How much do you follow up with clients?

Client work is what really pays my bills. Not the business book I wrote or the WordPress book, though they add a bit to the bottom line.

Since it’s client work that pays the bills, I need to keep in touch with possible leads and older, awesome clients.

Following up on possible projects

I know a few consultants that only follow up once after they have sent an estimate and contract. They figure that following up more just shows that you’re desperate and that the client can take advantage of you by asking for discounts.

They are wrong, dead wrong.

I follow up with a client about an estimate, until I hear NO or they’ve been dead (not replied) for a few weeks.

At this point I’ve already talked to them, done a bit of project research and invested my time in the process. It simply doesn’t make sense to stop following up with the client if they’re still replying to you.

Of course there are a few clients that I hear from and I find out that they are a bonehead. Of course, I actually tell them that I’m no longer interested so they need to find someone else.

Follow up with long term clients

What about long term clients though?

You know the ones that are awesome and you really enjoyed working with and paid on time?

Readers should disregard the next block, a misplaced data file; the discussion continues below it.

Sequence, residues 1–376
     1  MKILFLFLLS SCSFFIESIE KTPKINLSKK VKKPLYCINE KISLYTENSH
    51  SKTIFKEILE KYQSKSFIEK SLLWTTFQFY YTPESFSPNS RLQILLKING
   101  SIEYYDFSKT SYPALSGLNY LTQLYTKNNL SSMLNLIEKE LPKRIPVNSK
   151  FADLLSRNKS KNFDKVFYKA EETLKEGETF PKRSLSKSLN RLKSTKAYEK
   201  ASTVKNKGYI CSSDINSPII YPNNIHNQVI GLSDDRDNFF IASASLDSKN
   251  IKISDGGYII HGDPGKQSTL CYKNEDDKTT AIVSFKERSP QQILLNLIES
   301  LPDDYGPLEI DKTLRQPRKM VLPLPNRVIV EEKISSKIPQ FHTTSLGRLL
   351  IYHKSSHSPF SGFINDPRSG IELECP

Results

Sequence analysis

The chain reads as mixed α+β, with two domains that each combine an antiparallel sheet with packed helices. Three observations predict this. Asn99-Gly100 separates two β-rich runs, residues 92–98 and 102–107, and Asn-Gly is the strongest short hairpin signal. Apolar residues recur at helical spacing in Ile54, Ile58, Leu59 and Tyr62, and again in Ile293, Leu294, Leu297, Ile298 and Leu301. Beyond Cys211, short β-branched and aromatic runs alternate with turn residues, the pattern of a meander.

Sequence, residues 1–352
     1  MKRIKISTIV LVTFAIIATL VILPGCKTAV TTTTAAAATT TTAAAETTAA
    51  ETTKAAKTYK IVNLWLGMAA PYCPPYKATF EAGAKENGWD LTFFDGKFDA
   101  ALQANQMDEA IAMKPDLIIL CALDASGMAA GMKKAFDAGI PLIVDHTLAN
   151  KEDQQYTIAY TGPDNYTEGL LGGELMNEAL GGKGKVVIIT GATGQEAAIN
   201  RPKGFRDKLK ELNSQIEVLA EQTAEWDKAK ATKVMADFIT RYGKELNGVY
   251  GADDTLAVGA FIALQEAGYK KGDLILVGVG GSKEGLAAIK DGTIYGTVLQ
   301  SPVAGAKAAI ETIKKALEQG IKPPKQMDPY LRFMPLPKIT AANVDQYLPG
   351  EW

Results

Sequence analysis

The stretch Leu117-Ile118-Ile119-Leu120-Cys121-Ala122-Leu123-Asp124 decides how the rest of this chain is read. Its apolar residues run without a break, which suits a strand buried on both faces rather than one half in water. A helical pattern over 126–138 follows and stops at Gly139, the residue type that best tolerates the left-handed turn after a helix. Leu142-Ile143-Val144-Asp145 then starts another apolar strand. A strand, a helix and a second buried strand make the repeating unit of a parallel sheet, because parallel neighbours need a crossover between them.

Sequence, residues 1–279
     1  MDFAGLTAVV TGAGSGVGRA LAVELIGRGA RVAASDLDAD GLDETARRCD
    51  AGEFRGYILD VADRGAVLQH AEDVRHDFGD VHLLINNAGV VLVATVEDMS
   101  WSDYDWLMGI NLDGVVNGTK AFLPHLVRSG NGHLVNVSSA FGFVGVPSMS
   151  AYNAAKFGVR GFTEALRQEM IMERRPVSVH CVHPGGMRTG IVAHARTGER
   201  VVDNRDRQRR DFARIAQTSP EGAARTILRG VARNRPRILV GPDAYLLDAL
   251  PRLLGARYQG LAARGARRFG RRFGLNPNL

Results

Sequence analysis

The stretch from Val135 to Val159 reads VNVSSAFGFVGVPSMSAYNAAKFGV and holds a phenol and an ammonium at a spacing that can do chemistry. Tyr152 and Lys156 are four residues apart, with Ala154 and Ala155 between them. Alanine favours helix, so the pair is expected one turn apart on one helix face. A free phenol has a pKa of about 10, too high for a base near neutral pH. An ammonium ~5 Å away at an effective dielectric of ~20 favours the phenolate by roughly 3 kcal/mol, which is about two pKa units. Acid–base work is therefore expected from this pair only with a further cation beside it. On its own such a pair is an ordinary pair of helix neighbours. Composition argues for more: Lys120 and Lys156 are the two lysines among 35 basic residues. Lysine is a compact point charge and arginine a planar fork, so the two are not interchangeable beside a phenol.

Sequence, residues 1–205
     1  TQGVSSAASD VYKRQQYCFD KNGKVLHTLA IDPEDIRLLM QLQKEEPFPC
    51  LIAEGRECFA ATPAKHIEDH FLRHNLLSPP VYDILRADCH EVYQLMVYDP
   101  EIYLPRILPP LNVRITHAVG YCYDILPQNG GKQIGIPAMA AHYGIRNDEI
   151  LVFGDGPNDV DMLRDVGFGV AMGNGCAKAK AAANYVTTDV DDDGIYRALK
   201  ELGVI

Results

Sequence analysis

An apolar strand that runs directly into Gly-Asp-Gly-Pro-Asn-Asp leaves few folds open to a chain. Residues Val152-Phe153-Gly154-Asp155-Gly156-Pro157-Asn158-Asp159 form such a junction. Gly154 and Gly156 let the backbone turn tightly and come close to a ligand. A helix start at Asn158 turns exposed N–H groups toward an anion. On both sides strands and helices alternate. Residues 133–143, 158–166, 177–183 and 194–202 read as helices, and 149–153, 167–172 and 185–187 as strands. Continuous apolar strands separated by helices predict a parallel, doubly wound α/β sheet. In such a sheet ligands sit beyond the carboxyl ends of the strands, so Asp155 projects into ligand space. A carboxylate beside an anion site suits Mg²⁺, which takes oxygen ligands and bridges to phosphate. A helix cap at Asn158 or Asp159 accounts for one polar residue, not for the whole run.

You don’t just let them disappear on you, do you?

Yeah, I know that most of you do let them disappear, but I don’t.

First off I put them in my email to-do list every 3 months to touch base with. It’s not a ‘do you have any work’ email. I simply ask them how life/work is going.

That usually results in 3 or 4 emails going between. 3 or 4 times a year that also brings in new work that they had been ‘thinking’ about talking to me on for a couple months already.

Yup, they knew where I was and had work they wanted done, but just hadn’t got around to talking to me yet. Last year 15k of work came from 1 email to touch base about life.

So no I don’t just let older awesome clients take off into the ether.

And you shouldn’t either.

Take Away

First, follow up with potential (good) clients until they say no. That’s the worst they can do, not give you the work.

Second, have a list of your awesome clients and make sure you follow up with them every 3 months. Send them an article that could interest them in business. Maybe they like motorcycles and you saw an interesting one that you can send to them to look at.

Build that relationship long term, don’t just let your clients fade away and forget about how awesome you are.

Show them how awesome you are every 3 months.

photo credit: kwl cc

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